Reporters Without Borders raises concerns over information supplied by Yahoo! to Chinese govt.

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Article
20 September 2005

[DOC] Secretary-General of the International Commission of Jurists, Nicholas Howen, comments on the Yahoo! response

Author: Nicholas Howen, Secretary-General, International Commission of Jurists

It is clear that national laws that violate international human rights standards are not acceptable under international law. I’m deeply concerned that the actions of Yahoo! have led to the imprisonment of a Chinese journalist, Shi Tao, for ten years for doing nothing more than exercising his right to freedom of expression, which is guaranteed by the Universal Declaration of Human Rights.

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Article
16 September 2005

[DOC] Mary Robinson: Remarks on Yahoo!’s response concerning its provision of details to Chinese Government that helped lead to journalist's imprisonment

Author: Mary Robinson (President of Realizing Rights: The Ethical Globalization Initiative; Chair of Business & Human Rights Resource Centre’s International Advisory Network; former United Nations High Commissioner for Human Rights; former President of Ireland)

I was shocked and dismayed by Yahoo's response...It appears that Yahoo is unaware of growing public expectations that businesses must assume their appropriate responsibilities for the promotion and protection of international human rights standards wherever they operate. In the time ahead, Yahoo needs to give careful consideration to its role in fostering greater respect for human rights around the world...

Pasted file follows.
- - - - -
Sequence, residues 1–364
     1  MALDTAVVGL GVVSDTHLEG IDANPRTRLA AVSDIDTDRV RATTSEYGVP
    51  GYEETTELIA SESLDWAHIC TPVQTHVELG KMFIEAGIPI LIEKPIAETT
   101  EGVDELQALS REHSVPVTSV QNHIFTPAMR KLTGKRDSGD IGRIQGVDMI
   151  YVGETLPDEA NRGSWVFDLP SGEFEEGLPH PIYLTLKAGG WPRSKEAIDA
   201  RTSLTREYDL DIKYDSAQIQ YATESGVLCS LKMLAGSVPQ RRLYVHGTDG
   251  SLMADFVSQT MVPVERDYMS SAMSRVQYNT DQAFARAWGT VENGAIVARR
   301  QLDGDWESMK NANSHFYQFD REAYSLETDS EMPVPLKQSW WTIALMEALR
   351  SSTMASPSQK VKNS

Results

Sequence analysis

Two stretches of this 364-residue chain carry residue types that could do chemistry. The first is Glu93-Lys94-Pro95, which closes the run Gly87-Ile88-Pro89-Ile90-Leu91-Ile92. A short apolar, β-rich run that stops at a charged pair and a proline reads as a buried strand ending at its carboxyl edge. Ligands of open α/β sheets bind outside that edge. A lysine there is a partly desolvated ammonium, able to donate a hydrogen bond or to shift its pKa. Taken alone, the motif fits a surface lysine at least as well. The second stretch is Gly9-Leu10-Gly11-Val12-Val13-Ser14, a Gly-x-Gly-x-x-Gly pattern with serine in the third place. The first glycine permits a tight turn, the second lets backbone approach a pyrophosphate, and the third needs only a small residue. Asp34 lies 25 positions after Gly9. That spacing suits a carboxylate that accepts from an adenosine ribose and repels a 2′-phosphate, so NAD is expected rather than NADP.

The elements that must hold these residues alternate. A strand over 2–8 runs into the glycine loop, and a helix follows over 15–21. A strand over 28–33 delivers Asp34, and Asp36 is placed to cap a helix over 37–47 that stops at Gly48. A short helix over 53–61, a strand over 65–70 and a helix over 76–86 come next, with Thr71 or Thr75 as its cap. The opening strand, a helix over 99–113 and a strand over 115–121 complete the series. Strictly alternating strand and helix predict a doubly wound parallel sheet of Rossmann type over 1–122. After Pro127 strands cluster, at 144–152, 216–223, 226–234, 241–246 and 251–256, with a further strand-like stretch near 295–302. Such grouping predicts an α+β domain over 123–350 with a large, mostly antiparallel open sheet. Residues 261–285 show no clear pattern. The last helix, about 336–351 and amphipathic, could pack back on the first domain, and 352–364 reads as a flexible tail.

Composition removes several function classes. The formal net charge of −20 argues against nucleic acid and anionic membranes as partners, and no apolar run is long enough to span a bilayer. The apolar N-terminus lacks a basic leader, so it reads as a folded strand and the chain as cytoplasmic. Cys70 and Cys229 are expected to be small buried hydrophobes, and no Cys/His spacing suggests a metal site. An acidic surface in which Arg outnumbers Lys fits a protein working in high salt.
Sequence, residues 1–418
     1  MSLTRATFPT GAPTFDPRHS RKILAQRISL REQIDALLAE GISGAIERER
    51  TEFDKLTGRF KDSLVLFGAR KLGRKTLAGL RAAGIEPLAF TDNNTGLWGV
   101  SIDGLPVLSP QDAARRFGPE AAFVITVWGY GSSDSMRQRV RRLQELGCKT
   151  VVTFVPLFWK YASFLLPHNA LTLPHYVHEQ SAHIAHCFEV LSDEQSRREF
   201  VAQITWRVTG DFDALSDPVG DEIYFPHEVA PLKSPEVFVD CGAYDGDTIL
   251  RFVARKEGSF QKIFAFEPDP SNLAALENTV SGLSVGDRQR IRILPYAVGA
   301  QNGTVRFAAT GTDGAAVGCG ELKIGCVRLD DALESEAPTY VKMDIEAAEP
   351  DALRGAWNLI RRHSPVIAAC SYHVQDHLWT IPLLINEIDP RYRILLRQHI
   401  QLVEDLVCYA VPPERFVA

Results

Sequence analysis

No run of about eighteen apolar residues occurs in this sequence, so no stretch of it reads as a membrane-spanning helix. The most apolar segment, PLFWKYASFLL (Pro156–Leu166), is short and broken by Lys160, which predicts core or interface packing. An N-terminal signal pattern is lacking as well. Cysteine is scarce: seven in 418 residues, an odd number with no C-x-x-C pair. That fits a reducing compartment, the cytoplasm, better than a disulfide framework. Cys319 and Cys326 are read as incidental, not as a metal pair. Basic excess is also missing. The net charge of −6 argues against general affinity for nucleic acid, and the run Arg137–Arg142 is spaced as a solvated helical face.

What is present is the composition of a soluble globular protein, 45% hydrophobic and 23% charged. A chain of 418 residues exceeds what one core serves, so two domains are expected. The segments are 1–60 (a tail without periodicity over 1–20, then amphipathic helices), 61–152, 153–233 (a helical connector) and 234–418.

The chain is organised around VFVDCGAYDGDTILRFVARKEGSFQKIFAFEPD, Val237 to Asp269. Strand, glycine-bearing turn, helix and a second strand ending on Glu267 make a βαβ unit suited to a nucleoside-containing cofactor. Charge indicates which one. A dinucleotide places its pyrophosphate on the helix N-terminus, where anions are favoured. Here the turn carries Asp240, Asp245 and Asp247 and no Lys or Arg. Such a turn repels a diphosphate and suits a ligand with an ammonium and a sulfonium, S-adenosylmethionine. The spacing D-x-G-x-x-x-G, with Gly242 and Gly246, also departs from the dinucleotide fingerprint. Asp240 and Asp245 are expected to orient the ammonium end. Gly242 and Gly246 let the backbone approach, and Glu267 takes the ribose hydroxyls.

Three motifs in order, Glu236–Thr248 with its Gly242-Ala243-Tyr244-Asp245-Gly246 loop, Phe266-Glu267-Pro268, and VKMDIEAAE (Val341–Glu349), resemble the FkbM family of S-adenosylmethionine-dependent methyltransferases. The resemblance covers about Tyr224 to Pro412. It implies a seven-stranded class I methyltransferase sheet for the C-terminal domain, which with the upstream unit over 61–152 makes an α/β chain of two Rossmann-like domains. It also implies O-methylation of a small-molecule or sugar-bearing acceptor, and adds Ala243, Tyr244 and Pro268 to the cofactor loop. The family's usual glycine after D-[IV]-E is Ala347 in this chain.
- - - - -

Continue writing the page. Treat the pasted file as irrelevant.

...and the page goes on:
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Article
16 September 2005

[DOC] Sir Geoffrey Chandler comment on Yahoo!’s response regarding its provision of details to Chinese Government that helped lead to journalist's imprisonment

Author: Sir Geoffrey Chandler (Founder Chair of Amnesty International UK Business Group 1991-2001, former Director General of UK National Economic Development Office, former Director of Shell International)

I am appalled by Yahoo!’s response...Must we therefore expect Yahoo!, apparently lacking principles itself, to follow any practices, however much they may offend against wider considerations of human rights or international standards?

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Article
14 September 2005

China: Yahoo information used to convict journalist

Author: International PEN, Writers in Prison Committee

The Writers in Prison Committee of International PEN is alarmed by evidence that information supplied by the Internet Service Provider Yahoo! Inc. was used to convict journalist, poet and dissident writer Shi Tao...Please...write to Terry Semel, Chairman of Yahoo!: - expressing alarm that Yahoo! appears to have been complicit in the Chinese government’s prosecution of journalist, poet and dissident writer Shi Tao...- urging Yahoo! to re-examine its policies to ensure that they do not have a negative impacon the legitimate practice of the right to freedom of expression and information, as guaranteed by international human rights standards, notably Article 19 of the Universal Declaration on Human Rights.